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Learning to Change: Opportunities to Improve the Performance of Smaller Manufacturers Establishing public sector organizations to assist smaller manufacturers is not an effective means of improving the competitiveness of manufacturing in the United States. Sufficient private sector resources are available to smaller manufacturers that are willing to make the commitments necessary for improving their competitive capabilities. These include, but are not limited to:  suppliers that are happy to demonstrate their new machines, products, or technologies and teach buyers to use them;  customers, particularly larger ones, are more and more demanding of high quality and will assist suppliers in various forms of quality improvement. Even the second and third tier of suppliers are influenced by the quality requirements of the subcontractors so that one large customer can influence hundreds of smaller supplier firms.  industry groups, such as the thousands of trade associations in the United States, sponsor seminars and meetings to discuss problems unique to their industry and to educate their members;  consultants, in addition to large consulting firms such as Arthur Anderson and McKinsey, there are thousands of very small firms with modest costs but great expertise;  universities and community colleges, besides working directly with companies, also furnish individuals who provide direct consulting services, hold seminars and classes, and offer other forms of assistance to smaller firms;  published materials, as a source of information about new activities, already exceed the time business people have available to read and digest; about the last thing they need is to receive more of these mailings.  special business groups, such as the Young Presidents' Organization, disseminate considerable information to smaller businesses; and  professional societies such as the Society of Manufacturing Engineers (SME), American Society of Mechanical Engineers (ASME), and so forth. The Manufacturing Technology Centers (MTCs) have not proven their ability to substantially influence the overall competitive performance of U.S. industry. There is a dearth of metrics for properly evaluating the success of this and other federal and state funding spent to date. The MTCs are a series of small-scale experiments investigating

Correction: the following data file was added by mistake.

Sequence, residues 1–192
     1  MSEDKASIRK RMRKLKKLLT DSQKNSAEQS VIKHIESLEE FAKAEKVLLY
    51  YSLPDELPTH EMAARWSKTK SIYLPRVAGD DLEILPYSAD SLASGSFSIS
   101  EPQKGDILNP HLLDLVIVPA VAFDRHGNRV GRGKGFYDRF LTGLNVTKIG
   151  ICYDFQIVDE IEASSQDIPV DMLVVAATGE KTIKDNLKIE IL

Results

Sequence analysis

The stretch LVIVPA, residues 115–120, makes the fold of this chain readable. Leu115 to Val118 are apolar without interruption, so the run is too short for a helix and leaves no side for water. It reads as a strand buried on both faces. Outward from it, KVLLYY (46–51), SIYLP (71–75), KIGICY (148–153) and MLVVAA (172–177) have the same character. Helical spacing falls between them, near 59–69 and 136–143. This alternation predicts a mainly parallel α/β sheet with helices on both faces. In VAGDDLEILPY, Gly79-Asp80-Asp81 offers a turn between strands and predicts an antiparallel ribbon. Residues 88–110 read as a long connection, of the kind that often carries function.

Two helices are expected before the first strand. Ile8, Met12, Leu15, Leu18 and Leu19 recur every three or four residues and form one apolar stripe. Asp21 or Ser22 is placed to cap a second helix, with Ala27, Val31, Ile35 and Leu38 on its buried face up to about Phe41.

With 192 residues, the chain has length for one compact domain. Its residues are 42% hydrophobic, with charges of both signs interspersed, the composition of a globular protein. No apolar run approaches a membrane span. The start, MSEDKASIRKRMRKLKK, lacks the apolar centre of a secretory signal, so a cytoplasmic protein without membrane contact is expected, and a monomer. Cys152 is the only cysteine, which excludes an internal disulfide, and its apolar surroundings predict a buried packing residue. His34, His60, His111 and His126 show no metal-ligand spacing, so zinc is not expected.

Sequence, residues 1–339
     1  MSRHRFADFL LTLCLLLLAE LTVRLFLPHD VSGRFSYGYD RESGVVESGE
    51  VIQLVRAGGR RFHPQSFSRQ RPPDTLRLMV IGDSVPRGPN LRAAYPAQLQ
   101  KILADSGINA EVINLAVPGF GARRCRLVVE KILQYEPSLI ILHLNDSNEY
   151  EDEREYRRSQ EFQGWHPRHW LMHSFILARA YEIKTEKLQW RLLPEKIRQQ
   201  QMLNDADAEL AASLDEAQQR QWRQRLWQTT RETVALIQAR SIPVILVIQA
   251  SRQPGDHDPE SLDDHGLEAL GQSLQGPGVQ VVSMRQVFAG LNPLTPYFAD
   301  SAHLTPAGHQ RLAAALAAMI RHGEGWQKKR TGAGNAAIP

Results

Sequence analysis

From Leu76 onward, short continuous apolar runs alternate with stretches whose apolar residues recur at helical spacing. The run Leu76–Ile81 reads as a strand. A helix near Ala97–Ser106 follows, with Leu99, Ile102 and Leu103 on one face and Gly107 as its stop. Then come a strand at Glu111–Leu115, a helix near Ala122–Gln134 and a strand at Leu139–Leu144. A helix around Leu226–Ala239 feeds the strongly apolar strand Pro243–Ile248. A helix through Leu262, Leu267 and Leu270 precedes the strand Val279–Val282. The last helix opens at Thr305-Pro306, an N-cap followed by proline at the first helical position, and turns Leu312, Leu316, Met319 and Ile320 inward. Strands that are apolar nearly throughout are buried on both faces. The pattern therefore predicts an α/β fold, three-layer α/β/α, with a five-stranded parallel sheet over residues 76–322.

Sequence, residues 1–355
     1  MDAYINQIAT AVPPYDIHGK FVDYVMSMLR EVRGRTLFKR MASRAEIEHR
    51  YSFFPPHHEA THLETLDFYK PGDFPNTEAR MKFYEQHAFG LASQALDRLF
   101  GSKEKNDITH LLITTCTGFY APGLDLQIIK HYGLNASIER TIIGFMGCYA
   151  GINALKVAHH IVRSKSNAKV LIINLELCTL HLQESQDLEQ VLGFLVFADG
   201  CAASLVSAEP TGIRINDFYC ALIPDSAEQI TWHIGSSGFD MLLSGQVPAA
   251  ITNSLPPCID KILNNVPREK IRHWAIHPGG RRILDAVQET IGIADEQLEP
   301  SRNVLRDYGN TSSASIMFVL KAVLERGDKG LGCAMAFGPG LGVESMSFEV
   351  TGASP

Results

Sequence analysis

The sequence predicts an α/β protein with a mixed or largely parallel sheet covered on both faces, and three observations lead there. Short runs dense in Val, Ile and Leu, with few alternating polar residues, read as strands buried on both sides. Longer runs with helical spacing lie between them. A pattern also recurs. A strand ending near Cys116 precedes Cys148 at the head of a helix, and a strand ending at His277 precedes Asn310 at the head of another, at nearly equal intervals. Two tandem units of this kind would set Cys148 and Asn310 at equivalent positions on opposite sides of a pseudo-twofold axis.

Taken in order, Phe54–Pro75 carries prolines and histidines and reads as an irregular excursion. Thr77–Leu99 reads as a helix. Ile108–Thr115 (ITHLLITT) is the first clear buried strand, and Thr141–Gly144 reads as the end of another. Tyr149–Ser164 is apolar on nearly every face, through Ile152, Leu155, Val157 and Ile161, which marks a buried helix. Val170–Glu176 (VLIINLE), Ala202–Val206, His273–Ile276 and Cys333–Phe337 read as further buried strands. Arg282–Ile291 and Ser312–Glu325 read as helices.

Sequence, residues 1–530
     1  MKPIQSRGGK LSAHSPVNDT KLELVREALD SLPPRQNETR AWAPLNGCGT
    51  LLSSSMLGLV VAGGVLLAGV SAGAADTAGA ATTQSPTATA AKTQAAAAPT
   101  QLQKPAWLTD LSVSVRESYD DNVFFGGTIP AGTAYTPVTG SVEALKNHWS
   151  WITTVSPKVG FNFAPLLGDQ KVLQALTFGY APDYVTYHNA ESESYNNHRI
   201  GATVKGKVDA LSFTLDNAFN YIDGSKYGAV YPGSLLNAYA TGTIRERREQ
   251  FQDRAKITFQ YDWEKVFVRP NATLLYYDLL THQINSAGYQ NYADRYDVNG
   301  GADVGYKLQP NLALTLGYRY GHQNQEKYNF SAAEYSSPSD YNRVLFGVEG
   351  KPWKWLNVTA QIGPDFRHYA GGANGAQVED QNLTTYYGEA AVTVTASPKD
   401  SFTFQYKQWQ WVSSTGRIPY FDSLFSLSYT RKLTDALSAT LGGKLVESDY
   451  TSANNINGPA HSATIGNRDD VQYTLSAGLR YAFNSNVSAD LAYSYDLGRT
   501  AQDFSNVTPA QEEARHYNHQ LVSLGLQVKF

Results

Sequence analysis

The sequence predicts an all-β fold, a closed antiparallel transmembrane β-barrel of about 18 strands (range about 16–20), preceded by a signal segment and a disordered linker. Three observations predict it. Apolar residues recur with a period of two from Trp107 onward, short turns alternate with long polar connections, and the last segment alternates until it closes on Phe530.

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Learning to Change: Opportunities to Improve the Performance of Smaller Manufacturers various ways of assisting manufacturing companies, but anecdotal evidence should not be the sole basis on which to conclude that they have demonstrated that they are the best means of improving the competitiveness of U.S. manufacturing companies. There is insufficient talent available to the public sector for adequately staffing a national system of manufacturing assistance. It is likely that those people initially employed and trained by the assistance centers would subsequently be hired by companies offering higher wages and benefits. The MTCs would constantly be in doubt as to long-term survival. The MTC program would be extremely expensive and we believe that it would have great difficulty securing the local components of the funding for long periods. The MTCs tend to be in direct competition with small consulting companies. We believe the government does not wish to compete with private sector service providers but the present structure of the MTCs encourages such competition. MTCs are not a particularly good manner of achieving technology transfer. It is difficult for the government to know what is the best technology for a given situation, and if the small businessperson does not know much about the appropriate technology, the project is likely doomed. MTCs offer no help in alleviating the regulatory burden of manufacturers. The single biggest assistance that government could provide to manufacturers is to reduce the amount of regulation to which smaller manufacturers are subject and really incapable of handling.

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Learning to Change: Opportunities to Improve the Performance of Smaller Manufacturers This page in the original is blank.